Parental stress during the COVID-19 pandemic: A one-year follow-up
Peer reviewed, Journal article
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Original versionPLOS ONE. 2022, . 10.1371/journal.pone.0276190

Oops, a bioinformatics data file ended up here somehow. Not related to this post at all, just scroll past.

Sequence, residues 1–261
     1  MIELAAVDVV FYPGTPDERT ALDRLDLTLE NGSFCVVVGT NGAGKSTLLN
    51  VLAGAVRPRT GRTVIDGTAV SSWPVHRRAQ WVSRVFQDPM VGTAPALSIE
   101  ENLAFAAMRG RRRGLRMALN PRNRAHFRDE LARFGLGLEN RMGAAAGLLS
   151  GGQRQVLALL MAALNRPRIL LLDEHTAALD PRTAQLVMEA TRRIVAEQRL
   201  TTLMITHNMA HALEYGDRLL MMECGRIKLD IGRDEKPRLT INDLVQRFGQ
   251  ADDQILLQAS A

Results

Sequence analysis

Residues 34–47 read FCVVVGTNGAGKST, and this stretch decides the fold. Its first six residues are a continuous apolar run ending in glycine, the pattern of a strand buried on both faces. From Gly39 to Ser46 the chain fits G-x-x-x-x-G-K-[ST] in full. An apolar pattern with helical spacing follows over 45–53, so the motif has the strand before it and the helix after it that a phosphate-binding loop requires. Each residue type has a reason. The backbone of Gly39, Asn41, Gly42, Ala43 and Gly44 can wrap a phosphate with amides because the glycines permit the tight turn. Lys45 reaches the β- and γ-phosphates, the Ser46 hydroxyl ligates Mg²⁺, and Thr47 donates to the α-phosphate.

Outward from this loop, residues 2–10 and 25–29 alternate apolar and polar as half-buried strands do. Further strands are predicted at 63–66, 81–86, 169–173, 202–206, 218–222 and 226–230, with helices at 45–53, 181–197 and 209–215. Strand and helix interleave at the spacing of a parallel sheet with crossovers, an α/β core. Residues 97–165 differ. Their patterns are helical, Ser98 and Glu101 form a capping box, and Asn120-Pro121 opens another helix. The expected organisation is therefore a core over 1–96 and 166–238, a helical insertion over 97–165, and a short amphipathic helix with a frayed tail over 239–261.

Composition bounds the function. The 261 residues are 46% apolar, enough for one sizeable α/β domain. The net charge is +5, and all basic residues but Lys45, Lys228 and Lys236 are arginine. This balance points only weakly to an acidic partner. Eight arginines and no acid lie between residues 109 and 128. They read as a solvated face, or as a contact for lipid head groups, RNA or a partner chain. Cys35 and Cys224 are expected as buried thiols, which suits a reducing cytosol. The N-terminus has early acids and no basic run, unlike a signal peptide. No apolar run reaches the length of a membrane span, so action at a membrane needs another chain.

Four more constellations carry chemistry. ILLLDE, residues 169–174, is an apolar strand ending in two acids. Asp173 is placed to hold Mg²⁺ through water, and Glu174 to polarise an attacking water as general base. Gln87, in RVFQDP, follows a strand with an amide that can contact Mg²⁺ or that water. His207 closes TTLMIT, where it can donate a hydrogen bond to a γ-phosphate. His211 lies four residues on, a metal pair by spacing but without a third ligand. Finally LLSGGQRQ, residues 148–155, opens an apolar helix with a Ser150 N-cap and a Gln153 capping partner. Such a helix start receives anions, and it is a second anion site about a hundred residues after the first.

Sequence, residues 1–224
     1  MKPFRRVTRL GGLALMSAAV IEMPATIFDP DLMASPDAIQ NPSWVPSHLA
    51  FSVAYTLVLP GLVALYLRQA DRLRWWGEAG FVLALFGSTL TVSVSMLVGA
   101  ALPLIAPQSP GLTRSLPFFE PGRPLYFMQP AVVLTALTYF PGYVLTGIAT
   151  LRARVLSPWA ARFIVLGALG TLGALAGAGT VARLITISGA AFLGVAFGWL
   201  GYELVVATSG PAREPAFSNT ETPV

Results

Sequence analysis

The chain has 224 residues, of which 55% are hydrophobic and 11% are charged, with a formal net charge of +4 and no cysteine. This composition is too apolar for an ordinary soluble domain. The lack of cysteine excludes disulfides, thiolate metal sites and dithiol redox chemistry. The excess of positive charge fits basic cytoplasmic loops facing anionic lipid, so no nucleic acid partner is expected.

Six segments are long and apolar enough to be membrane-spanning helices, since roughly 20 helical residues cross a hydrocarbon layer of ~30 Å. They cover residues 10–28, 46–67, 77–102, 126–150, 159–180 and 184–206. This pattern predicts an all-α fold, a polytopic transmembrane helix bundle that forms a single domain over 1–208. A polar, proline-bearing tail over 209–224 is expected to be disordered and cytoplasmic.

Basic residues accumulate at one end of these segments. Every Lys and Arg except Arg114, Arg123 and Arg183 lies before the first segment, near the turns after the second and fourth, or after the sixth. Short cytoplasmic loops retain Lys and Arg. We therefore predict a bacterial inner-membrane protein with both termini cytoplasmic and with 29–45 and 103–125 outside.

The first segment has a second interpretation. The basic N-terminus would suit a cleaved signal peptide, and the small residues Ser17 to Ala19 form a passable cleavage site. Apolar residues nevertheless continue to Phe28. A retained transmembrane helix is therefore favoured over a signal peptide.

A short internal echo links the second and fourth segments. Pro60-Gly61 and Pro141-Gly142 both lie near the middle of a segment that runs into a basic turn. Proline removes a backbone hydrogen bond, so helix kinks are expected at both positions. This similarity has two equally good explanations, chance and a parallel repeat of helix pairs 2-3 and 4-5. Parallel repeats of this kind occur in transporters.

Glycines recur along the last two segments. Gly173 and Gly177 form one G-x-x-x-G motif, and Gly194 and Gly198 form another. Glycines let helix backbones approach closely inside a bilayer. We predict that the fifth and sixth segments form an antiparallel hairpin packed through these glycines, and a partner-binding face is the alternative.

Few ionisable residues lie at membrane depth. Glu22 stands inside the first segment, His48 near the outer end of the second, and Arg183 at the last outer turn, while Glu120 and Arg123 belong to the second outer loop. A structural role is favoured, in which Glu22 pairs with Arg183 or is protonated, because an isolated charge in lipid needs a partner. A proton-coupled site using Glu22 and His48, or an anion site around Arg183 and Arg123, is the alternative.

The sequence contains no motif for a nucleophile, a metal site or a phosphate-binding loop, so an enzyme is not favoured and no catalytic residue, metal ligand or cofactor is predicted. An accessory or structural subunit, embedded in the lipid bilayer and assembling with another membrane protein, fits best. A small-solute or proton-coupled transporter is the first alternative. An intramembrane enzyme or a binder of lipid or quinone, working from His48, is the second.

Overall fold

Objective This two-wave longitudinal study aimed at increasing knowledge about levels of parental stressors and rewards among mothers and fathers of children aged 1–18 during the first year of the COVID-19 pandemic in Norway. Background The COVID-19 pandemic and infection-control measures have caused changes to family life. Managing homeschooling or caring for younger children while working from home may have posed significant strain on parental stress, negatively impacting the quality of parent-child relationships and parents’ sensitivity to their children’s needs. Method We employed data collected in April 2020 and April 2021 from the longitudinal population-based survey in Bergen/Norway (Bergen in ChangE-study). 7424 parents participated (58.6% mothers and 41.5% fathers). Results The overall levels of parental stressors and rewards did not change significantly. Over the two time points, the factors associated with decreased parental stressors were being male, aged 40–49 years, having a relatively high income, and reporting initial difficulties with closed kindergartens or schools. For parents aged 18–29 years, the level of parental stressors increased. Conclusion The study suggests that the overall levels of parental stress remained unchanged during the first year of the pandemic. Even so, the study also uncovered that younger parents represented a vulnerable subgroup.